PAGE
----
Arian Horbovetz 
Member since Apr 23, 2015



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Re: “Downtown residents form a new urban coalition

This article highlights one of the most important and yet underappreciated topics in Rochester today. Our downtown in becoming a neighborhood and we have to start approaching it as such! Bravo City, and great stuff Jeremy and Suzanne!

12 likes, 5 dislikes
Posted by Arian Horbovetz on 03/28/2018 at 4:11 PM

Re: “Parcel 5 plan proceeds; so will the criticism

Thank you so much for highlighting this issue, and for taking a critical approach to the subtle but important complexities and opposing viewpoints. I would respectfully like to clarify that a strong piece to the argument opposing this project has NOTHING to do with support for the arts in our city. I think we can all agree, the RBTL and the scores of organizations, big and small, that make this a colorful home for the arts are the pride of Rochester. The issue, more than anything, is the location of the proposed theater, as well as the initial and continued support without a conversation with our residents. We believe that a downtown that is becoming a neighborhood is better suited for mixed use public space, which has been shown to usher in similar investment dollars and job creation in cities like Rochester across the country. Furthermore, with downtown becoming a neighborhood once again, public space is in desperate need to create a level of flexibility and livability within the area.

Furthermore, while we welcome visitors from the suburbs and beyond with open arms, the belief is that this project send a clear message to Rochester residents that their wishes are not being taken seriously. Cities across the country make the same mistakes of trying to create entertainment hubs, but the cities that are succeeding are the ones that are putting the voices of their rebounding residential populations first. And of course, our residents are our best ambassadors... when happy, they will be the ones telling their friends on the outskirts to check out Rochester again!

This isn't about the arts at all, with all respect. It's simply about the most important piece of land in our city, and our residents believe that their wishes should be considered first. Thanks again for a great piece, some excellent points. :-)

6 likes, 2 dislikes
Posted by Arian Horbovetz on 03/19/2018 at 12:08 PM

Re: “New train station, old problems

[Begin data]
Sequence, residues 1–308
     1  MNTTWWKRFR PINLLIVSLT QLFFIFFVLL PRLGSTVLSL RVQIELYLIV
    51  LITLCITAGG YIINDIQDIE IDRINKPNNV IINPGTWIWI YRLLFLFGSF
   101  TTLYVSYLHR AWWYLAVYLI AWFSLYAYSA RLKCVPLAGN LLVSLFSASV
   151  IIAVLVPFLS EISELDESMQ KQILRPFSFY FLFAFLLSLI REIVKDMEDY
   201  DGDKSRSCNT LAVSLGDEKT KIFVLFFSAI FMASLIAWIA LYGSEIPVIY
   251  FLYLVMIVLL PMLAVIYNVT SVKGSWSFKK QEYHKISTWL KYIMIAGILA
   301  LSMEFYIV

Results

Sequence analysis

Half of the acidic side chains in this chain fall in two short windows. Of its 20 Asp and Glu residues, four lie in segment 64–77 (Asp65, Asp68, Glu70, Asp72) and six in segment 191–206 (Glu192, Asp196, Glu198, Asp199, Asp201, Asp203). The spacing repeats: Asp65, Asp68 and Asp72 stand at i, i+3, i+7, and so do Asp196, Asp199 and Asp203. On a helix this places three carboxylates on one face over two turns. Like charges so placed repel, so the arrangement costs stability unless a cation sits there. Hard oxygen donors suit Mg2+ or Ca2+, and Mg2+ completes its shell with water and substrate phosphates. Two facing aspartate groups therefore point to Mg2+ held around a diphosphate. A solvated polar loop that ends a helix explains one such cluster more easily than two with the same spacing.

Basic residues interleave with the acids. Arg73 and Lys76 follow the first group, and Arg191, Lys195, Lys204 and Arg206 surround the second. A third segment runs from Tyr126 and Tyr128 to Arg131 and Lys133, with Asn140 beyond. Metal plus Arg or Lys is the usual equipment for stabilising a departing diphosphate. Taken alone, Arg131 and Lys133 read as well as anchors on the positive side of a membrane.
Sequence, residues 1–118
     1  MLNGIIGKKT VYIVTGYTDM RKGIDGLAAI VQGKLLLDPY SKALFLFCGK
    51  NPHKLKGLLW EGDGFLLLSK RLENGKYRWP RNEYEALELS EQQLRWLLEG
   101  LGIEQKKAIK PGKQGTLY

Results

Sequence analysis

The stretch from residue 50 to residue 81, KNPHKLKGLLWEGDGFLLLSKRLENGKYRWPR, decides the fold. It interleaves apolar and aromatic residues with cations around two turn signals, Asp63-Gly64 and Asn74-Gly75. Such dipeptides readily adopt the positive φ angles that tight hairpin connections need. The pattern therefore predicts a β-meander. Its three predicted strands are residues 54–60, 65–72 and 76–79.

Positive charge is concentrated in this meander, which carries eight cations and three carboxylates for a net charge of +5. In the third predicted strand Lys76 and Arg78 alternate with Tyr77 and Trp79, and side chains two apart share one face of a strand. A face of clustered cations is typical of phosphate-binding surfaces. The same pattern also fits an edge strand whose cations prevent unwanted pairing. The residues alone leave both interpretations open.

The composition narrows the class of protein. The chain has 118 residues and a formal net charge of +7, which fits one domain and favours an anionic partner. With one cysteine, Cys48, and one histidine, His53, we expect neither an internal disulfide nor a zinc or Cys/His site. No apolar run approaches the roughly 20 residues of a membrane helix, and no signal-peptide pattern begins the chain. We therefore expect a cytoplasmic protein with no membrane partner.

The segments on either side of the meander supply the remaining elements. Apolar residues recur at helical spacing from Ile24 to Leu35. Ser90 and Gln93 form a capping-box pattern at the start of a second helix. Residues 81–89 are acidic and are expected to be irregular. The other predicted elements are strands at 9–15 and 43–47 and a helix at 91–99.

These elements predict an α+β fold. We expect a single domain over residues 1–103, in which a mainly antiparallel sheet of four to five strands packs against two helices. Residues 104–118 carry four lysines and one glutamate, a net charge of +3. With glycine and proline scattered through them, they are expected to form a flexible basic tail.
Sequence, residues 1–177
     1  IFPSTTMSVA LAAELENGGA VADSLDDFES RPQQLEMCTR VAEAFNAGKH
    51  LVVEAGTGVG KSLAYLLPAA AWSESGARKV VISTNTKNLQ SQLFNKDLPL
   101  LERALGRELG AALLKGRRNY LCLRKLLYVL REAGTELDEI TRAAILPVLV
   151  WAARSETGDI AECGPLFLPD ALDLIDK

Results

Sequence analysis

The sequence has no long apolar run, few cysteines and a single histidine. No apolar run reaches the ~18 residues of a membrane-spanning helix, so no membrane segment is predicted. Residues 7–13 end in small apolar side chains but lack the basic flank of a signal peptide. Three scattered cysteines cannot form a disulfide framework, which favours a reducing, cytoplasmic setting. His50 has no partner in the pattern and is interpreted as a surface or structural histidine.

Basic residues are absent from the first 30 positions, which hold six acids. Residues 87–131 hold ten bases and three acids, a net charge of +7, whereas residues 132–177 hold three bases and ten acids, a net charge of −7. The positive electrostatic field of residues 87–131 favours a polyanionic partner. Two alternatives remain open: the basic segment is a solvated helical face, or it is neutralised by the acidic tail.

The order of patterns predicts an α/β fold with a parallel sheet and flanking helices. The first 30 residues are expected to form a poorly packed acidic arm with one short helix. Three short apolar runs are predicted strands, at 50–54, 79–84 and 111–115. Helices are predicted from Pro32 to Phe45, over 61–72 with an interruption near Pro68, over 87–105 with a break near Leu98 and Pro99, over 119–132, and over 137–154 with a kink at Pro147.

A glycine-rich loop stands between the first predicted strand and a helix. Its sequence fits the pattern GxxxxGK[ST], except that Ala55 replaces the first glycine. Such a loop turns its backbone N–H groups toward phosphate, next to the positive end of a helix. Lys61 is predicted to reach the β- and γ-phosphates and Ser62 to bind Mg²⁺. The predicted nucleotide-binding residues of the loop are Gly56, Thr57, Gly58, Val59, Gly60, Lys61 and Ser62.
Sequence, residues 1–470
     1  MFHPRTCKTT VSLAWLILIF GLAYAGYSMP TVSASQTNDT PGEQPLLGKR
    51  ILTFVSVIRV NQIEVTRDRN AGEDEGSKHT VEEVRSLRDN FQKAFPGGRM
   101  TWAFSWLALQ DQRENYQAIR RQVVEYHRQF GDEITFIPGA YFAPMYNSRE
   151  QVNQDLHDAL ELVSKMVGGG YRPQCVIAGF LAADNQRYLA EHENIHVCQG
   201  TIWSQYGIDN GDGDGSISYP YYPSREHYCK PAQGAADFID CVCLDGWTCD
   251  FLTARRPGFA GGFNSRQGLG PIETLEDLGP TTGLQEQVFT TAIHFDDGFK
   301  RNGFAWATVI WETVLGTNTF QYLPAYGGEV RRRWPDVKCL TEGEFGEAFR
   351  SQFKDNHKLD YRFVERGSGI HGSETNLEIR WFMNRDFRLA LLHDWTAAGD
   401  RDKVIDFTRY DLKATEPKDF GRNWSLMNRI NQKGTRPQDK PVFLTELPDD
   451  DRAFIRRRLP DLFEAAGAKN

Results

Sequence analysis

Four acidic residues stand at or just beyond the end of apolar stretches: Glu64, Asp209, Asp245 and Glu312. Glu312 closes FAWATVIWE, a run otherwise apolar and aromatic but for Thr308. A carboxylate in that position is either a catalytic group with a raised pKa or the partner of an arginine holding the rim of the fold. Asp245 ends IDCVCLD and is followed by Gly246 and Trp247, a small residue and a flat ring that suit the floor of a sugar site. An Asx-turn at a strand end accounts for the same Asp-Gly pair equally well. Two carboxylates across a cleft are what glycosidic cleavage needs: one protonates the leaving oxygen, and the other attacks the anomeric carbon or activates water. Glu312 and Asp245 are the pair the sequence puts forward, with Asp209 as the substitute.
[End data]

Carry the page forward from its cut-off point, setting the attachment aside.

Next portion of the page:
As a lover of rail travel, it pains me to admit it's becoming harder and harder to defend the issues that Amtrak passengers experience on nearly every ride. Amtrak "rents" track from CSX, the freight carrier that owns the lines that service most of New York State. Frequent delays are, for the most part, due to "freight traffic" with Amtrak trains taking a backseat to freight trains.

Amtrak is in a difficult spot. In a time when our country is seeking alternative forms of transit, and with a millennial population that is seeing the automobile as less and less of a necessity, passenger rail is poised to be a fantastic regional transportation option. But significant delays (hours, not minutes) that are so pervasive that they are seen as almost acceptable make it a far less attractive option for recreational travel and an impossible option form reliable business travel. Take it from someone who has traveled across New York State over a hundred times via Amtrak in the last several years... if you have to get somewhere by a certain time, Amtrak is not a good option. But unfortunately, Amtrak simply does not have the budget or capabilities to capably address these issues.

Amtrak's positives include convenience and comfort. You can arrive at the station 5 minutes before the train arrives and board when it gets there. You can take two bags, and they go in the racks above your seat. No security lines, no one's going through your stuff... you just get on the train and go.

Once you're there, you can sprawl out in the large seats with plenty of leg room, or walk down to the cafe car for some food and drink. It's relaxing, and the scenery is nice.

Unless major changes to service are undertaken, Amtrak will continue to be underutilized. It will simply be an "additive" for the cities it serves rather than a significant motivator for commerce and tourism in Upstate NY. I love Amtrak, but unless drastic changes are made, it's potential will never be maximized.

10 likes, 1 dislike
Posted by Arian Horbovetz on 06/30/2017 at 5:17 AM

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